Currently viable crafts

 

Glass working

 

The working of glass, including techniques such as glass blowing (heating glass and blowing air into it), kiln formed glass and lampwork. See the separate entry for scientific glass working.

See also glass engraving and stained glass 

 

Status Currently viable
Craft category Glass
Historic area of significance
Area currently practised UK
Origin in the UK
Current no. of professionals (main income)
Current no. of professionals (sideline to main income)
Current no. of trainees
Current total no. serious amateur makers
Current total no. of leisure makers
Minimum no. of craftspeople required

 

History

Glassblowing involves heating glass and blowing air into it, which is known as inflation. It can be used for the making of scientific apparatus, vases, paperweights, and is now used in art and sculptures. Glassblowing was used in the production of sheet glass used for windows. The technique was used by German glass craftsmen in the 11th century and further developed by Venetian craftsmen in the 13th century. These skills spread to England and advanced the bottle-making trade. Glassblowing enabled the production of larger pieces of glass, as well as the production of thinner glass for sheet making. Machinery was introduced by 1887, enabling 200 bottles to be produced per hour, more than three times quicker than traditional blowing techniques. In the twentieth century glass became part of the ‘scientific sector’ creating a shift in the industry from a craft to a ‘precise science’ thereby creating a schism between scientific glassblowing and art, design and sculpture glassblowing, often referred to as studio glass.

In the early 1980s, there was very little glass making happening in the UK. It was taught at some colleges, although this was largely targeted towards industrial glass making, and there were a lot of scientific glass makers in universities and colleges. Glass blowing took place in Dartington and similar companies. It wasn’t until the late 1980s that studio glass making began, with the likes of Annette Meech, Norman Stuart Clark, Peter St Clair, Peter Leyton, The London Glass Studio etc.

Kiln-Formed Glass

Kiln-Formed glass became established as part of the Studio Craft movement which began in the 1960’s alongside studio blown glass as an expressive and decorative medium. Over the last sixty years it has grown in popularity world-wide particularly in the UK, which has produced some of the best and well-known exponents, like Colin Reid, David Reekie, and Tessa Clegg. It does have some historical precedents with examples appearing across the ages, from Ancient Egypt to 19 th century France. However it has never cohered into a single movement before, and as a result there are more individuals globally kiln-forming than at any time in its history. Due to its inclusion in Art School curriculums since the mid-sixties, and the constant experiments carried out by generations of makers it has become much more complex and sophisticated technically during the last 55 years, with a growing number of books devoted to its processes and techniques. Part of its appeal lies in the fact that a studio can be set up relatively easily and cheaply, unlike blown glass. Examples by top kiln- formers appear in the permanent collections of museums world-wide including the Victoria and Albert the Corning Glass Museum New York and the Shanghai Museum of Glass.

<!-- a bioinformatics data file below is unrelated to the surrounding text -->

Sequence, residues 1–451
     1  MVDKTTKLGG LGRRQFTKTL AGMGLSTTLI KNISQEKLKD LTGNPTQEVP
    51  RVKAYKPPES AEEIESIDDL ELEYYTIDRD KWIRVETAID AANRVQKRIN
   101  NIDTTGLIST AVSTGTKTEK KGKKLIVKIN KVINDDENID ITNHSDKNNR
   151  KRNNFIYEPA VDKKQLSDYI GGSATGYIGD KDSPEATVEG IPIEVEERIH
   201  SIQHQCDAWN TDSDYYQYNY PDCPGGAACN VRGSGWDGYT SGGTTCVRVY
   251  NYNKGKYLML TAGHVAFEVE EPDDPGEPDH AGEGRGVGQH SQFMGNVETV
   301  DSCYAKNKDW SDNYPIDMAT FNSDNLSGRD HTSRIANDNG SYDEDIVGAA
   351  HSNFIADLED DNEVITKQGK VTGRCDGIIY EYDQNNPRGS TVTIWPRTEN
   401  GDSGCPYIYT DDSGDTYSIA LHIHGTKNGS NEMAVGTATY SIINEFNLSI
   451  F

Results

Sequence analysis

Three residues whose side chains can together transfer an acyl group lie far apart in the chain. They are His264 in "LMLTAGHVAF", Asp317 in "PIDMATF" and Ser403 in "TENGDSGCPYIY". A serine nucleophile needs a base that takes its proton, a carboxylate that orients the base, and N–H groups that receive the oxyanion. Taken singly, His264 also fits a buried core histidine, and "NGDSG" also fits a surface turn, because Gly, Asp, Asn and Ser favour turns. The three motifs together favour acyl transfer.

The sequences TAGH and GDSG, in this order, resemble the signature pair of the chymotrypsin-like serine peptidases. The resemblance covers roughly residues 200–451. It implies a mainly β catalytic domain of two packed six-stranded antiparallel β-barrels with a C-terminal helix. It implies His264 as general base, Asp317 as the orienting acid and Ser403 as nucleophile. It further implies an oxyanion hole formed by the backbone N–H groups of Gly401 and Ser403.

Techniques

Techniques of glass work include: hot glass work, warm glass work, cold glass work and lamp work.

Little has altered in the technique of traditional glassblowing, yet the process is quicker due to the introduction of newer materials and technologies. Three different furnaces are needed: the furnace, the glory hole and the kiln. They are used at different stages of the process, all at different temperatures. Glass is placed in the furnace, when ready it is removed with a blowpipe, made of hollow stainless steel. When removed stylistic touches can be added, such as colour, before it is placed in the glory hole. Every step in the process is vital to the outcome of the object. The glass can be freely blown and swung, or blown into a pre-existing cast. The glass therefore, derives its form and texture from the mould, each method giving the glass its unique shape. The final stage of heating takes place in the kiln: when ready, the glass can be removed, and it fully hardens as it cools down.

Kiln-Formed Glass

These are a group of techniques based on the shaping of glass in Kilns. They all exploit the ways in which glass changes its viscosity when heated, with the glass becoming softer the higher the temperature. Using a variety forms of available glass solids, like sheet, rod, ingots, crushed, and a range of temperatures, glass can be fused, bent or cast.

 

Local forms

 

Sub-crafts

  • Kiln formed glass
  • Studio based stained glass
  • Lampworking

Issues affecting the viability of the craft

 

Support organisations

 

Craftspeople currently known

 

Other information

 

References